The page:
DNA & Genealogy

Connecting people and families.

Genetic Genealogy

Genetic Genealogy uses DNA testing in combination with traditional genealogical research and historical records to infer relationships between individuals.

DNA testing has become an essential tool when researching a family’s history.

It is affordable and accurate, and the resulting DNA evidence can help solve family mysteries and dead-ends encountered in traditional genealogical research.

The Amazing Power of Your DNA

Genealogists worldwide are using DNA results to:

  • verify previous research
  • locate unknown origins of ancestors
  • confirm or disprove relationships
  • explore family legends and mysteries
  • determine surname relatedness
  • identify unknown ancestors (both recent and distant)
  • reveal biogeographical ancestry (admixture/ethnicity)
  • connect with cousins to share family information and photos
  • satisfy their curiosity and see what their DNA reveals

Learn more

Unknown or Misattributed Parentage

Every day, genetic genealogy is succesfully identifying biological families for people with unknown parentage – including adoptees, donor conceived individuals, foundlings (abandoned infants), child migrants, war babies, and amnesiacs.

Birth parents and gamete donors are DNA testing themselves in the hope of connecting with their offspring.

People with questions about their family structure or history are finally learning the truth through DNA testing.  And some people receive unexpected results after they do a DNA test for fun or family history.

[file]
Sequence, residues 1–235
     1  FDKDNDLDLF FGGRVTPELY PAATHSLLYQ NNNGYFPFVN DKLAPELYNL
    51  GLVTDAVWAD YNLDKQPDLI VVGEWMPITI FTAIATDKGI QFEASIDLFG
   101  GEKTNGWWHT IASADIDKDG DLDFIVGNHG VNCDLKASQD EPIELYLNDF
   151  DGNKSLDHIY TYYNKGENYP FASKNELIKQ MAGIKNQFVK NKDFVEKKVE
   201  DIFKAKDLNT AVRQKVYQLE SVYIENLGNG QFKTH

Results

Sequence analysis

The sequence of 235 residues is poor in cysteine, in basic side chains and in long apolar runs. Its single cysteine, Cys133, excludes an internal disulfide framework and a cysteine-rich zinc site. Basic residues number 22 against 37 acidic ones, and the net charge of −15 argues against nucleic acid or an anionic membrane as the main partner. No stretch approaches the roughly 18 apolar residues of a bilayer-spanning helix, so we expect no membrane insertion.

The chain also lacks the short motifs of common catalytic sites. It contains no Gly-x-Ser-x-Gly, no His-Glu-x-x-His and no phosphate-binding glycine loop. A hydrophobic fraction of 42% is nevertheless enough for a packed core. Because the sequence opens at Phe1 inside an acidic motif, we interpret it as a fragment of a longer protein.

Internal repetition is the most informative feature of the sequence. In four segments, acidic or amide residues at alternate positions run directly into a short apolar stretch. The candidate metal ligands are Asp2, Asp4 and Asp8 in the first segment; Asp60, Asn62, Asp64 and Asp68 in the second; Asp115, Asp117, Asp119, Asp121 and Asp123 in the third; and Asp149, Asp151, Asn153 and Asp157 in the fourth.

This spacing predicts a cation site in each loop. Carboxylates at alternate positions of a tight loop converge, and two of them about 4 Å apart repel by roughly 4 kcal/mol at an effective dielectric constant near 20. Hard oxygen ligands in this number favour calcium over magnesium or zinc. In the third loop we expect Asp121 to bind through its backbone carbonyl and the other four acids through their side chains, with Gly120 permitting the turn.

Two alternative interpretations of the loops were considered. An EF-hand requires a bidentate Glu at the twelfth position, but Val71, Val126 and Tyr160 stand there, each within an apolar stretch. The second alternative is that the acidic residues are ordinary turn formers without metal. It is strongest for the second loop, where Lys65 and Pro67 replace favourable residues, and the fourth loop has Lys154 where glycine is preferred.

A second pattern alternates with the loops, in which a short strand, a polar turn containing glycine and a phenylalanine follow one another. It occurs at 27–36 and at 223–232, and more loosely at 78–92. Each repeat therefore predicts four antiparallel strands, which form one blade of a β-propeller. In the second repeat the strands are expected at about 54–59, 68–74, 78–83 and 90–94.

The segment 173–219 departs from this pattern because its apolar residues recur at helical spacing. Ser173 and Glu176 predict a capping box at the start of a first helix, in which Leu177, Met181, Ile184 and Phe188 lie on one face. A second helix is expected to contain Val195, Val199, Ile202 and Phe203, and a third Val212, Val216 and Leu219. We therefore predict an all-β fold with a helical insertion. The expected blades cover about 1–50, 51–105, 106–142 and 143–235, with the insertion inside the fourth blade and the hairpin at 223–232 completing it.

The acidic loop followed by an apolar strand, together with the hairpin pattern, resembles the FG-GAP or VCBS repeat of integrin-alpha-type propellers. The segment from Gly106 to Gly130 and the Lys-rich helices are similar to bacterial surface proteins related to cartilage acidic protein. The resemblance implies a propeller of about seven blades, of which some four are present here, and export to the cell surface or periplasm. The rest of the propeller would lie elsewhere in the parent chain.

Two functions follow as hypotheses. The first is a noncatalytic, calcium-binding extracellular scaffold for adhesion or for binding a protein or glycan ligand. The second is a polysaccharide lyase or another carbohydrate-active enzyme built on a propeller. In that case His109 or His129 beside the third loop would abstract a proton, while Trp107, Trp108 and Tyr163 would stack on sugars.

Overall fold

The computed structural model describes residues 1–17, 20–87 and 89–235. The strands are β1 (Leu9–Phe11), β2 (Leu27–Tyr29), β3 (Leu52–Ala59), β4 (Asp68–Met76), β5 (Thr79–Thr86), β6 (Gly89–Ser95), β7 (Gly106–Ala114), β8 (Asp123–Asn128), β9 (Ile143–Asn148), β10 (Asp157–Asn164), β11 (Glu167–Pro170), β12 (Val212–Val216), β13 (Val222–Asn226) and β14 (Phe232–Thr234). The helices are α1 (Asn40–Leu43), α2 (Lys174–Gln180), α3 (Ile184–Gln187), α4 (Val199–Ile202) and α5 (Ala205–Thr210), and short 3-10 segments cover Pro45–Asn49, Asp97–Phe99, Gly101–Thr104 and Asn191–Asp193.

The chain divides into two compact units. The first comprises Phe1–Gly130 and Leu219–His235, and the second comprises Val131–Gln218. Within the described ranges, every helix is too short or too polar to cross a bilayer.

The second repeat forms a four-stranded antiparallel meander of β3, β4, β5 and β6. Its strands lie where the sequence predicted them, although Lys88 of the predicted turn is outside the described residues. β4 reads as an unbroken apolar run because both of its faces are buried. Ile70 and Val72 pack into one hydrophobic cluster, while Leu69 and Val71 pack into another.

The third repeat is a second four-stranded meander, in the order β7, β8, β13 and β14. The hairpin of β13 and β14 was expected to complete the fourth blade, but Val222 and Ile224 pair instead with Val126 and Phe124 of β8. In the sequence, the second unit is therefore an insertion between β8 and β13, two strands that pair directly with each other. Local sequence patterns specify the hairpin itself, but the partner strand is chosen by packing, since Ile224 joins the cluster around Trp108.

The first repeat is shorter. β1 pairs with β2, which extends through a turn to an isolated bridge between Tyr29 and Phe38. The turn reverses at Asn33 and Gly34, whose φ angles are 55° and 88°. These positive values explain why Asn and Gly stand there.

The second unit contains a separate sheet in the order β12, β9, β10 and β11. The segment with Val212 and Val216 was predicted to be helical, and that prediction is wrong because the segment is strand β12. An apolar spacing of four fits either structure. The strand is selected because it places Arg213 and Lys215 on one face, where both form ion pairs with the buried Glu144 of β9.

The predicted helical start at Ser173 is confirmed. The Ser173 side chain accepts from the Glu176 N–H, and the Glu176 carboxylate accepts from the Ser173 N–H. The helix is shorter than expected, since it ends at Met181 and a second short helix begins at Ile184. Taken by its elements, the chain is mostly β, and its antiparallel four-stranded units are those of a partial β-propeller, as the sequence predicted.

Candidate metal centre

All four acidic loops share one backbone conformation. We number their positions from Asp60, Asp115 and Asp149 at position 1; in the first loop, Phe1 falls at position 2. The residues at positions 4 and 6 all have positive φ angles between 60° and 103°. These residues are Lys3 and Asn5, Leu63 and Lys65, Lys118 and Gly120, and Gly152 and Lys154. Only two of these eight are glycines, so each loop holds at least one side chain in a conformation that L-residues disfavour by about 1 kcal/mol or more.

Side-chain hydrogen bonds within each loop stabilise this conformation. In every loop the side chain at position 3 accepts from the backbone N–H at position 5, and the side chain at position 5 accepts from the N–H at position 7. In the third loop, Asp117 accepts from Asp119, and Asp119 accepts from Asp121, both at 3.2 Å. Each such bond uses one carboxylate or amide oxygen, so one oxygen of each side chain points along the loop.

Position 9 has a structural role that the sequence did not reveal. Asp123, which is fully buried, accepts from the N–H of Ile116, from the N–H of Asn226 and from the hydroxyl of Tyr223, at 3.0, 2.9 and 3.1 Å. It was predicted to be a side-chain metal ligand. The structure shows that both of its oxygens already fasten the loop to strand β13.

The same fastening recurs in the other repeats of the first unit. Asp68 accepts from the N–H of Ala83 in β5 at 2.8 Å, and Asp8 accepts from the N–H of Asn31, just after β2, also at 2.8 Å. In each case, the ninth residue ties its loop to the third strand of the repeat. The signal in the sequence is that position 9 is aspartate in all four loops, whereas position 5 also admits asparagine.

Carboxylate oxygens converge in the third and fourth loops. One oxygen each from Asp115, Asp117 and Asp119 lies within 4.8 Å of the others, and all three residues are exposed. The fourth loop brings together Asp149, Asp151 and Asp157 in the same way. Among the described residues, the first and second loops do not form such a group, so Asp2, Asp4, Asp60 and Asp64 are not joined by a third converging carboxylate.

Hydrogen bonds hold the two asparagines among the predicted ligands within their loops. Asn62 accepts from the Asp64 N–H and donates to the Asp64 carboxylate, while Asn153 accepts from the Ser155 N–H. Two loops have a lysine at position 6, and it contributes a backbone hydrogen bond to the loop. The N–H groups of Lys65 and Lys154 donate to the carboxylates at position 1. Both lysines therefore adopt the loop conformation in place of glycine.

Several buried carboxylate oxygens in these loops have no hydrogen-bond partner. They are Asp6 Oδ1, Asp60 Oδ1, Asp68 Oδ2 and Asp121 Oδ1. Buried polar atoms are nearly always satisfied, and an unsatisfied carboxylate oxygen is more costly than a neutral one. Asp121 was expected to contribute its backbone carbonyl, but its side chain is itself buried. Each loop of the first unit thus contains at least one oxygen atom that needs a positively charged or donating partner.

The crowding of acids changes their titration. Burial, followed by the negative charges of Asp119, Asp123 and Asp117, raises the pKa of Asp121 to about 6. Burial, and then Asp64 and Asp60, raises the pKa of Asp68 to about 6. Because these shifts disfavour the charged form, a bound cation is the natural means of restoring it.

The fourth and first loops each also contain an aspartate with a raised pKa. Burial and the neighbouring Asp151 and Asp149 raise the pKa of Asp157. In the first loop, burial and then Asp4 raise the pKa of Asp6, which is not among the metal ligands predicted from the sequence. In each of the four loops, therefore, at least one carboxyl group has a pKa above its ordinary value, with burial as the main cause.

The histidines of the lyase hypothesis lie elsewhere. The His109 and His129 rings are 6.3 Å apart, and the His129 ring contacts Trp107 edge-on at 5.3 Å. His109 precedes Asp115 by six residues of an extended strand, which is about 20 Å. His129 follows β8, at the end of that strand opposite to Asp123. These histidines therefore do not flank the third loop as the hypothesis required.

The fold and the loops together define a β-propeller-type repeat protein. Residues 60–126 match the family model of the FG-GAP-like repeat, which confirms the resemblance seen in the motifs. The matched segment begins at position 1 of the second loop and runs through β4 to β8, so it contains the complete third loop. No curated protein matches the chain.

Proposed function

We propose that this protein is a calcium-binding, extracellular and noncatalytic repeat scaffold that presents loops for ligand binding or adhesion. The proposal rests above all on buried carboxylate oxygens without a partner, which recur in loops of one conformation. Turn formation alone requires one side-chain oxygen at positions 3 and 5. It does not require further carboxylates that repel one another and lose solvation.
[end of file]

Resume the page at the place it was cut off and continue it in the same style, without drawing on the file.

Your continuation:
Many never thought it possible, but answers can now be found from the privacy of your home, using a small sample of saliva or cheek cells.

To familiarise yourself with the most popular and effective test for identifying close relatives, read What is an AncestryDNA test?

Evolving Uses of DNA

Deceased Ancestors

Since genetic genealogy came about 23 years ago, direct-to-consumer DNA testing has focused on samples provided by living people.  Autosomal DNA is diluted by half with each new generation, so we’ve learnt that testing our oldest living generations produces the best DNA matches and helps identify family lines of our shared matches.

As genealogists wait patiently for closer DNA matches to help connect family lines, many wish they could have tested their deceased ancestors or relatives – such as parents, grandparents, great grandparents, great and great great aunts and uncles, etc – to reach a little further up their family trees or to solve specific research problems.